Saturday, June 23, 2012

Turing Patterns - Another Contribution by a Great Scientist

Turing Patterns in Biology and Chemistry
If Alan Turing had lived, he would have been 100 years old today. While best known for his work in the theoretical foundations of computing and in developing methods for breaking the German's enigma code, he made another contribution to science--one that had a direct impact on my life as a young scientist.

In 1954, Turing published a paper entitled "On the Chemical Basis of Morphogenesis," in which he suggested that patterns in biological systems might arise from chemical patterns that form when activator and inhibitor species interact.

An example, found decades after Turing published this work, is shown above and to the left. A photo of a patterned fish is compared to a petri dish containing a chemically-reacting system that produces similar patterns that arise from the interplay of chemical reaction kinetics and diffusion. Thanks to my friend Irv Epstein at Brandeis University for this photo from his excellent website.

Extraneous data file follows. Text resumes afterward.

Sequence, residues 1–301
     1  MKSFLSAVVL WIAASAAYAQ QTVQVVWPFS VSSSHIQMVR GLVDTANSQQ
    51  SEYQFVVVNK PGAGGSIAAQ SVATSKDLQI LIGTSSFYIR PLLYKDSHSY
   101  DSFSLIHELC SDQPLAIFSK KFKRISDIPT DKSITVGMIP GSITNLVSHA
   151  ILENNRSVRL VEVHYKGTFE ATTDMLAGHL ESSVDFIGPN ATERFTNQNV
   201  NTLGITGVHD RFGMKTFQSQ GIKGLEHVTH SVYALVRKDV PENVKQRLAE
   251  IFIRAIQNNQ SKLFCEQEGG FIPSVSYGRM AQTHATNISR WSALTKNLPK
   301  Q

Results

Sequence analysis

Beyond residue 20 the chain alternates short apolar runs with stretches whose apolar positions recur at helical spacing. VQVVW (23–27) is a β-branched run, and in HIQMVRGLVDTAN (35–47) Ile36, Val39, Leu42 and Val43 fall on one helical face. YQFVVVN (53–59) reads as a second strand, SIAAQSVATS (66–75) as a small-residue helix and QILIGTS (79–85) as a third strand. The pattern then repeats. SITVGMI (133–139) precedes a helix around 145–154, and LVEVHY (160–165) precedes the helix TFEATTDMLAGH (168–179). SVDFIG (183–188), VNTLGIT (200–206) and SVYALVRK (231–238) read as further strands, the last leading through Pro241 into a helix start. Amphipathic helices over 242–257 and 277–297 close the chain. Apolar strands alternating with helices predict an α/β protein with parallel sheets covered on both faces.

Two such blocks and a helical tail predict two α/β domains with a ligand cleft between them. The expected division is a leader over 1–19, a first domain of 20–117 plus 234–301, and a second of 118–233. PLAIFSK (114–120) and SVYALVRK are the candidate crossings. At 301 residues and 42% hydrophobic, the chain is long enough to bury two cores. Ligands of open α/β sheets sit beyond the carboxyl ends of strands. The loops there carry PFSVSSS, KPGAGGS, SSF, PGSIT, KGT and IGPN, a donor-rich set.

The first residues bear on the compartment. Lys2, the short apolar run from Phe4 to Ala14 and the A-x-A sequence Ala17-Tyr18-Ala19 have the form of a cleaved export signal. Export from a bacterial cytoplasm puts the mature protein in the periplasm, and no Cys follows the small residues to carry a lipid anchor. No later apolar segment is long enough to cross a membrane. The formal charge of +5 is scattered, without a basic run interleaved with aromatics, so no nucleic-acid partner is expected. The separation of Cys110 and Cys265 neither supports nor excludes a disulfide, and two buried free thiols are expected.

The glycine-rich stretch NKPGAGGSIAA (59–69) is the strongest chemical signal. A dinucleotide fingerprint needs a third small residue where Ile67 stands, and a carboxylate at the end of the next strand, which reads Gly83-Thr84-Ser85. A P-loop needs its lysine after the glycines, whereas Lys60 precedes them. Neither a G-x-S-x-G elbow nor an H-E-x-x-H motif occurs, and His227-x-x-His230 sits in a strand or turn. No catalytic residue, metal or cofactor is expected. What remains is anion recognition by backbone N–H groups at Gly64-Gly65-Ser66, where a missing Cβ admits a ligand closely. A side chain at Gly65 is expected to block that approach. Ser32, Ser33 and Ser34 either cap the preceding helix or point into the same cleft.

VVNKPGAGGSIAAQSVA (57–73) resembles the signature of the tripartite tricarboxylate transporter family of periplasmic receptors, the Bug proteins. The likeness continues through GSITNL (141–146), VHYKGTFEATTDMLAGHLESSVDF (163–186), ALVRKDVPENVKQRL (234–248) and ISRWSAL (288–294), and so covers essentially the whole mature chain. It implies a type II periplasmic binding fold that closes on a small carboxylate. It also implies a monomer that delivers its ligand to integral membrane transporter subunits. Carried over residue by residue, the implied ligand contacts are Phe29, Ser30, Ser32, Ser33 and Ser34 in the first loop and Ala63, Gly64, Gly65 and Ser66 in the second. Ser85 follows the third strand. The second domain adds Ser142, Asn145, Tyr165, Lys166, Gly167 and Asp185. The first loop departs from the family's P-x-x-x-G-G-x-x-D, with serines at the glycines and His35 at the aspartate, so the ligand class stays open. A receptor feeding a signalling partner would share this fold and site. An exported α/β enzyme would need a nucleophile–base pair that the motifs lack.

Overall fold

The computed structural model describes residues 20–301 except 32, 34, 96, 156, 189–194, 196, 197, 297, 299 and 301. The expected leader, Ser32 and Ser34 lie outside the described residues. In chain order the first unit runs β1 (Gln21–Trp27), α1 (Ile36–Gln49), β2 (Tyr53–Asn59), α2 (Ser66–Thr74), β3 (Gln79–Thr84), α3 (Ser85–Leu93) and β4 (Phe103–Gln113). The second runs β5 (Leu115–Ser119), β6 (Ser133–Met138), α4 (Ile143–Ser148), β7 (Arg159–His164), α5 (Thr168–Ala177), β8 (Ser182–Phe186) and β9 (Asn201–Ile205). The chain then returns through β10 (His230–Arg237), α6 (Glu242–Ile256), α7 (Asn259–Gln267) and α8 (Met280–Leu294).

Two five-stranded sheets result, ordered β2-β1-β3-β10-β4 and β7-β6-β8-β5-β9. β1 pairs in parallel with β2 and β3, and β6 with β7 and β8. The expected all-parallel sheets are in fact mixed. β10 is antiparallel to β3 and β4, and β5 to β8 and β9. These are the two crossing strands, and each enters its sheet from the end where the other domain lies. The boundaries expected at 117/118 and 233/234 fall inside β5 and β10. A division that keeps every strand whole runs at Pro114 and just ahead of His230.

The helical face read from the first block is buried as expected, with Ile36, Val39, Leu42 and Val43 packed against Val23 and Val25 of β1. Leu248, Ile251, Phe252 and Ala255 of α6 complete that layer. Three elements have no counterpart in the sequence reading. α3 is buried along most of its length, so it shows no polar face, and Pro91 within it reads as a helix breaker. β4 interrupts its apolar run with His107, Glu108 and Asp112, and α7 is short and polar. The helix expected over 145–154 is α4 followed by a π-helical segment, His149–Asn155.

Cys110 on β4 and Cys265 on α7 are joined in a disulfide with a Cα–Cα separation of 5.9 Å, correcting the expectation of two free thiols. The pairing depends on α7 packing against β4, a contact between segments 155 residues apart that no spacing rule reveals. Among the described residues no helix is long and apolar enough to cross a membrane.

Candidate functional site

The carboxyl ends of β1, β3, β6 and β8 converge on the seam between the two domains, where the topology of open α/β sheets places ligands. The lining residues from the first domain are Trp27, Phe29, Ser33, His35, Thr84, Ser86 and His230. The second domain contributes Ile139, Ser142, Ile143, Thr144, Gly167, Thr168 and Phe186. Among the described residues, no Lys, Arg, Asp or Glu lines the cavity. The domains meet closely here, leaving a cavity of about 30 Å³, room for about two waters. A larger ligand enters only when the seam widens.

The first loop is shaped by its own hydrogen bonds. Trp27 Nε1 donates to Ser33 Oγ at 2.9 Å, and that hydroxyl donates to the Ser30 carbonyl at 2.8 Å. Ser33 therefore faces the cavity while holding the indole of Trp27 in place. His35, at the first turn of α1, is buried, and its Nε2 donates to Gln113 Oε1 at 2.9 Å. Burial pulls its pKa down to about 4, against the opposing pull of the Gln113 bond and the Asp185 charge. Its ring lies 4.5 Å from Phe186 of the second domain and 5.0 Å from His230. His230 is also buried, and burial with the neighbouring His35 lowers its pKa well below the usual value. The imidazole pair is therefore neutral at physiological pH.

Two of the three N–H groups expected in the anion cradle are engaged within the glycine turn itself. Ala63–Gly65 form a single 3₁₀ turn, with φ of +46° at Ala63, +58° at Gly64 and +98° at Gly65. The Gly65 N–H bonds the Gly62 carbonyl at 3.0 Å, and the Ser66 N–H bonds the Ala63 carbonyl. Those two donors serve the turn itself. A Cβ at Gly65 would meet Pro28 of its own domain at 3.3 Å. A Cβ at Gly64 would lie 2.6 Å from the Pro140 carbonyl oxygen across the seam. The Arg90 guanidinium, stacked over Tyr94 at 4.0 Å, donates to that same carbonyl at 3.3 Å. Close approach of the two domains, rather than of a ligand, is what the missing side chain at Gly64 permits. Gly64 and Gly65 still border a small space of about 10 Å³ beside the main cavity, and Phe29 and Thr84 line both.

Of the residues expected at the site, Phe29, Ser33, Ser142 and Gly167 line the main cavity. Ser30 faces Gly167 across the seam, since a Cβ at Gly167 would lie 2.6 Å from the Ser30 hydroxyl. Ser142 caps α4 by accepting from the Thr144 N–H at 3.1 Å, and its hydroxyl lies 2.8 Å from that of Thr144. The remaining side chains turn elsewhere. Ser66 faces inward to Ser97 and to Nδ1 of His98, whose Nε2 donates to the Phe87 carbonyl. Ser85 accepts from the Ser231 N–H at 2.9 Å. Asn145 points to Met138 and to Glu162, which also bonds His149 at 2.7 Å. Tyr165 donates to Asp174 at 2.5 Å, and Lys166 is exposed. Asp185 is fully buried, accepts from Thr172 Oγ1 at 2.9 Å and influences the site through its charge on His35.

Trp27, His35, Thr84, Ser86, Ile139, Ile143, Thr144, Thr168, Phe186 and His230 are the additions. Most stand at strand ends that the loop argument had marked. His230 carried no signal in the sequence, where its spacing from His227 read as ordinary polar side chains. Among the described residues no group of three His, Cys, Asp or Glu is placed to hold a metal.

Turing and some examples of Turing patterns, via Wired
I was pleased to see an article in Wired magazine last year about this less-well-known contribution of Turing's to the scientific enterprise. Although he did not live to see the experimental confirmation of his theoretical prediction, Turing's ideas guided the search for these patterns in biology and beyond.

As a young graduate student, I was presented with a possible dissertation topic involving the chemical basis of morphogenesis. At the time, I didn't even know what morphogenesis was, but I soon learned that it was the study of the development of form and pattern, specifically in embryos.